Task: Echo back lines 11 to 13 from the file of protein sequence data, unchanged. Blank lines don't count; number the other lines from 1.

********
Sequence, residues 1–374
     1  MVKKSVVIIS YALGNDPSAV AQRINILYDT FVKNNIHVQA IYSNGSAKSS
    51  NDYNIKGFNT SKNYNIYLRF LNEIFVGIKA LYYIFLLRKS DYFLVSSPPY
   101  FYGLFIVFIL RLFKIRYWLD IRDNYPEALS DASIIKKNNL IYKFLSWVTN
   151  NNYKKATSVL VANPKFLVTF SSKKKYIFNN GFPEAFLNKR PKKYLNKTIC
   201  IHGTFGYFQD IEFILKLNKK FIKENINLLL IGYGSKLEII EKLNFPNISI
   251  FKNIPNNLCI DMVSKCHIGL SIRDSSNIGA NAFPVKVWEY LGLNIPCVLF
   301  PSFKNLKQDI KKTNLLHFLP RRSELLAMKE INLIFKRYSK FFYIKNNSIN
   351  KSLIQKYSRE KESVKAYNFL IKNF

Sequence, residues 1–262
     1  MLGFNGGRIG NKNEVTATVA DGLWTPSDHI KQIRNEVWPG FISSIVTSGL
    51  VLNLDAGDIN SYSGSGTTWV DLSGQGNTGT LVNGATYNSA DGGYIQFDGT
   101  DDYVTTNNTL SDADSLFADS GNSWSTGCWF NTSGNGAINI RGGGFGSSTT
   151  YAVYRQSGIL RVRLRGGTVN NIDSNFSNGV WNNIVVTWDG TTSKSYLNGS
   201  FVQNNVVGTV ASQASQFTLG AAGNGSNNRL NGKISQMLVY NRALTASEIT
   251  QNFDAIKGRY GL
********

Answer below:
     1  MLGFNGGRIG NKNEVTATVA DGLWTPSDHI KQIRNEVWPG FISSIVTSGL
    51  VLNLDAGDIN SYSGSGTTWV DLSGQGNTGT LVNGATYNSA DGGYIQFDGT
   101  DDYVTTNNTL SDADSLFADS GNSWSTGCWF NTSGNGAINI RGGGFGSSTT